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.Sam.Best ResponseYou've already chosen the best response.19
Binomial expansion ============================ nCr, Method Up to “r” terms. Below shows expansion with positive integers Formula goes by \[\large ^nC_r(x)^r(n)^{nr}\] ============================ Lets say: 1) Expand fully \[ (3+2x)^5\] Using the formula, \[ ^5C_0(2x)^0(3)^5=243\] \[ ^5C_1(2x)^1(3)^4=5(2x)(81)=810x\] \[ ^5C_2(2x)^2(3)^3=10(4x^2)(27)=1080x^2\] \[ ^5C_3(2x)^3(3)^2=10(8x^3)(9)=720x^3\] \[ ^5C_4(2x)^4(3)^1=5(16x^4)(3)=240x^4\] \[^5C_5(2x)^5(3)^0=32x^5\] \[Ans:~ 243+810x+1080x^2+720x^3+240x^4+32x^5\]  2) Expand up to and including x^6 term for \[(27x^2)^6\] Using the formula, \[ ^6C_0(7x^2)^0(2)^6=64\] \[ ^6C_1(7x^2)^1(2)^5=6(7x^2)(32)=1344x^2\] \[ ^6C_2(7x^2)^2(2)^4=15(49x^4)(16)=11760x^4\] \[ ^6C_3(7x^2)^3(2)^3=20(343x^6)(8)=54880x^6\] Notice you stop expanding at x^6 \[Ans:~641344x^2+11760x^454880x^6\]  3) Find the coefficient of x^4 in the expansion of \[ (7x^3+\frac{6}{x})^8\] Now they only wants the coefficient of x^4, so its tedious to expand all the terms and then find the coefficient right? Theres a way to find,so, by using back the formula \[ ^8C_r(\frac{6}{x})^r(7x^3)^{8r}=x^4\] You basically don't know what's "r" so you'll have to use the expansion equals to x^4 (Now, here you'll need some good exponential skills) We set the 6/x to 6x^1 to avoid confusion, \[ ^8C_r(6x^{1})^r(7x^3)^{8r}=x^4\] From here, you just "ignore" all the coefficents first, so you just ignore the nCr, by doing that, you'll get (x^{1})^r(x^3)^{8r}=x^4 Now you have all the "x" in place, solve it just like normal exponential problems, r+3(8r)=4 r=5 Now you have the "r" Substitute into the formula and solve \[ ^8C_5(\frac{6}{x})^5(7x^3)^{3}=56(\frac{7776}{x^5})(343x^9)=149361408x^4\] Ans: 149361408 NOTE: When they ask find the term independent of x, means you find the constant, Eg. x^0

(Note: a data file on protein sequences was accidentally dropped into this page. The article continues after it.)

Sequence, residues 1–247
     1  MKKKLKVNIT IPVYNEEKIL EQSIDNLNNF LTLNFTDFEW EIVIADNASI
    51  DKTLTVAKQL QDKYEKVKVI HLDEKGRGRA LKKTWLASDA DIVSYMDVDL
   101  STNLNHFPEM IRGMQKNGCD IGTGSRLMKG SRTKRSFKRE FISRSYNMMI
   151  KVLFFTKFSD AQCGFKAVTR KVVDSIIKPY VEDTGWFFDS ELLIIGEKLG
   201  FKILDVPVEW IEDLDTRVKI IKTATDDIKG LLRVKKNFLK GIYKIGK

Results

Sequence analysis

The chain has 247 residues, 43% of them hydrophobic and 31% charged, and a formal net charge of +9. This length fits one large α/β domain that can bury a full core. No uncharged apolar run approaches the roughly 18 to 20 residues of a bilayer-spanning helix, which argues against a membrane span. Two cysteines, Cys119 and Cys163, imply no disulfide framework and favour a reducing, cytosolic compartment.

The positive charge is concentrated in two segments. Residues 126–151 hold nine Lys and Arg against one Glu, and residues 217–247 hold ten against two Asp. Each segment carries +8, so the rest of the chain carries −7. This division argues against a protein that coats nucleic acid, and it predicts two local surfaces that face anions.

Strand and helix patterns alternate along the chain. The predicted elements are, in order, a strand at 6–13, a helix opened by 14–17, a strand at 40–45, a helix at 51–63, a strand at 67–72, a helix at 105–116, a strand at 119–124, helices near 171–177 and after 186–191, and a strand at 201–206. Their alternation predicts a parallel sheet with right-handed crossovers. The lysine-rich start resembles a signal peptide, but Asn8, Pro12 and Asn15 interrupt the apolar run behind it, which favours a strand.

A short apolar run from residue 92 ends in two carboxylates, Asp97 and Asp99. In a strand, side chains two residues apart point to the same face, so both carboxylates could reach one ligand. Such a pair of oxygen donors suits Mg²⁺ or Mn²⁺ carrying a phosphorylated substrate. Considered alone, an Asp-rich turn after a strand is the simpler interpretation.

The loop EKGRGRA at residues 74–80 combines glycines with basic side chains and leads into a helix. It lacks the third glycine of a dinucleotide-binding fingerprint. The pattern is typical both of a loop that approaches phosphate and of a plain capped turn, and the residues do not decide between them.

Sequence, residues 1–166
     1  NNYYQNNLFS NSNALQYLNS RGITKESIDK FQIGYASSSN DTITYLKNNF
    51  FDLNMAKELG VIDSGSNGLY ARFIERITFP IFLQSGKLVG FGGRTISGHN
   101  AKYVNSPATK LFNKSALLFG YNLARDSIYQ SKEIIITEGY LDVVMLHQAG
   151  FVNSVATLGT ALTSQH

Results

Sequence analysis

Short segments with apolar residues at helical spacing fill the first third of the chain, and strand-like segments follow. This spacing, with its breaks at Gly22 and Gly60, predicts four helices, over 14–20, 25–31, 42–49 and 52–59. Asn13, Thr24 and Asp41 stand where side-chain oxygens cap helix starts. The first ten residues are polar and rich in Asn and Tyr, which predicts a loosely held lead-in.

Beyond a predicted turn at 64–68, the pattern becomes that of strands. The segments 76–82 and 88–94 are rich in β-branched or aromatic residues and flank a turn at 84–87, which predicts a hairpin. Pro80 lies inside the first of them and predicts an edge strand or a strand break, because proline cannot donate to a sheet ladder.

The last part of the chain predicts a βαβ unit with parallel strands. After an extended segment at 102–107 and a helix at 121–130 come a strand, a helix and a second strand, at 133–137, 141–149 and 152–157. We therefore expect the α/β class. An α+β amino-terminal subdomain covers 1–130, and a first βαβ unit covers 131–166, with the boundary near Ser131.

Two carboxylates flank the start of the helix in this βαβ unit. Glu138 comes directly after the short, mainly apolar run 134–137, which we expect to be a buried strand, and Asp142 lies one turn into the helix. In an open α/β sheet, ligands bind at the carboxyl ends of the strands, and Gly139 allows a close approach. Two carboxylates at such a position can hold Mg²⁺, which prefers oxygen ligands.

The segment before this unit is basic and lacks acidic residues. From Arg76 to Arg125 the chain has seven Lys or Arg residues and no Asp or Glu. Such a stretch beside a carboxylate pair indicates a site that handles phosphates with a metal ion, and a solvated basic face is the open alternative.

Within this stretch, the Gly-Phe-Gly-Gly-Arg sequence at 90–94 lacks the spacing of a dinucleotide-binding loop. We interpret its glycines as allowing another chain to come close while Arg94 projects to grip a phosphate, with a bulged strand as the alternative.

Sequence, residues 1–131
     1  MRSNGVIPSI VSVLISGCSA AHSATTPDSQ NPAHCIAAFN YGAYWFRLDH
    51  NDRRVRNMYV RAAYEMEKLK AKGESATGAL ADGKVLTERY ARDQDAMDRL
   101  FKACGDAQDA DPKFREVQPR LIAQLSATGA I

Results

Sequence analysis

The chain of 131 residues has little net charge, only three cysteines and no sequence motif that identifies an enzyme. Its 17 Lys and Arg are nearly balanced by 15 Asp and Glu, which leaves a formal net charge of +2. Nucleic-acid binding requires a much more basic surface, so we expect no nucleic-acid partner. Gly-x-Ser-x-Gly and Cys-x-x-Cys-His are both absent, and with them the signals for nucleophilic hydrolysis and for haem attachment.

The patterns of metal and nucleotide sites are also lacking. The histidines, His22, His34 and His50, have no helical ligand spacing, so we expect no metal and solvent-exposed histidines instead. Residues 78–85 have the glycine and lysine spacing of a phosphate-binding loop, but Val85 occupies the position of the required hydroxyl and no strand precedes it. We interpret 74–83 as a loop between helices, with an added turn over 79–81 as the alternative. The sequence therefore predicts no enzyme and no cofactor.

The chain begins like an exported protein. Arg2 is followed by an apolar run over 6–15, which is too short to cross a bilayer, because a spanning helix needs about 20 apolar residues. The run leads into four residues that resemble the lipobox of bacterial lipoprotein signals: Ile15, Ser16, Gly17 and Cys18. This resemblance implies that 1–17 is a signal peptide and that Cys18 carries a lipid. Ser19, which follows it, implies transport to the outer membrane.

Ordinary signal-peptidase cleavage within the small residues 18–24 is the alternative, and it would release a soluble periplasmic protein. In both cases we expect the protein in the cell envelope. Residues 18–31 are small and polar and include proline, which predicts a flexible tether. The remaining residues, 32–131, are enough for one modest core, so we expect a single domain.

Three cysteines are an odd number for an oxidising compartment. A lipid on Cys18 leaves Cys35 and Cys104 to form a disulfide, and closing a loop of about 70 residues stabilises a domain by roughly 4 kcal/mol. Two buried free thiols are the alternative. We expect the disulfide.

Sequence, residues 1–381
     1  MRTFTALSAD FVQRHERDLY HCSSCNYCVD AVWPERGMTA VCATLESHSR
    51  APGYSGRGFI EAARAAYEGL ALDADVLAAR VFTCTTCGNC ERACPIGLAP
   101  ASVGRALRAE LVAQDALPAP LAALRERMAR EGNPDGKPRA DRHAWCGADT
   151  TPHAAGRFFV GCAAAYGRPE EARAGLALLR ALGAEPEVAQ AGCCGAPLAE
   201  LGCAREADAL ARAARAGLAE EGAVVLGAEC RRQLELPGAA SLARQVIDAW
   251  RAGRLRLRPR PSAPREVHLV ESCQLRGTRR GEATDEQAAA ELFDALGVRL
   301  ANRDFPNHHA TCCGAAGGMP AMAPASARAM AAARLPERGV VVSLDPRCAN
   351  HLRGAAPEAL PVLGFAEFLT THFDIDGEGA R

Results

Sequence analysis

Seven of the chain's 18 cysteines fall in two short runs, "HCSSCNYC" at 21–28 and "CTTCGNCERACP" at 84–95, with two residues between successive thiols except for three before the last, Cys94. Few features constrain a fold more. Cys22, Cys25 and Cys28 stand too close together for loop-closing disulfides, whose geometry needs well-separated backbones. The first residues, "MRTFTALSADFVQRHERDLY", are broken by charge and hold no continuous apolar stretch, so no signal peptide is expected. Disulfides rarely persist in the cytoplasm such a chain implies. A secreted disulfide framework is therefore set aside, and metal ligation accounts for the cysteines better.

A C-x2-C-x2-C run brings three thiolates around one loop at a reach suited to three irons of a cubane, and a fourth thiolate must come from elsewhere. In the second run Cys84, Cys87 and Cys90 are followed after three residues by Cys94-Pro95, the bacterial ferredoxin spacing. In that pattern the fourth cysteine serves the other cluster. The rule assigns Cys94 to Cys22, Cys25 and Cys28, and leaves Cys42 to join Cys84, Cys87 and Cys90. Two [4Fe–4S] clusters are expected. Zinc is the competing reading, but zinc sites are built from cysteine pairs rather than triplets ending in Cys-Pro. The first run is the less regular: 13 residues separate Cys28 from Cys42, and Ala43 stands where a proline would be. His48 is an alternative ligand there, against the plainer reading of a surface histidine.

one year ago

.Sam.Best ResponseYou've already chosen the best response.19
4) a) Find the terms in x^2 and x^3 in the expansion of (13x/2)^6 Basically for this you should know that 6C2 and 6C3 will give you x^2 and x^3 So, Using the formula, \[ ^6C_2(3x/2)^2(1)^4=15(\frac{9x^2}{4})=\frac{135}{4}x^2\] \[ ^6C_3(3x/2)^3(1)^3=20(\frac{27}{8}x^3)=\frac{135}{2}x^3\] \[\frac{135}{4}x^2\frac{135}{2}x^3\] b)Given that there is no term in x^3 in the expansion of (k+2x)(13x/2)^6, find the value of the constant k. (\frac{270}{4}x^3\frac{135}{2}x^3) By comparing both terms, k=1  5)Expanding quadratics, Expand up to and including x^2 term for (3+(7x5x^2))^5 \[ ^5C_0(7x5x^2)^0(3)^5=243\] \[ ^5C_1(7x5x^2)^1(3)^4=5(81)(7x5x^2)=2835x2025x^2\] \[ ^5C_2(7x5x^2)^2(3)^3=10(27)(25x^470x^3+49x^2)=13230x^2\] 243+2835x2025x^2+13230x^2 \[Ans:~11205x^2+2835x+243\]  6) Expand and simplify (1+x)^4+(1x)^4 The trick here's that you don't expand both the binomial, you just do one of it its enough. When you expand (1+x)^4, you should get 1+4x+6x^2+4x^3+x^4 Now,when I have (x)^1=x (x)^2=x^2 (x)^3=x^3 You can see there's a pattern here, Even powers end up positive, odd number ends up negative. o, (1+4x+6x^2+4x^3+x^4)+(14x+6x^24x^3+x^4) Add them together, \[Ans:~2+12x^2+2x^4\]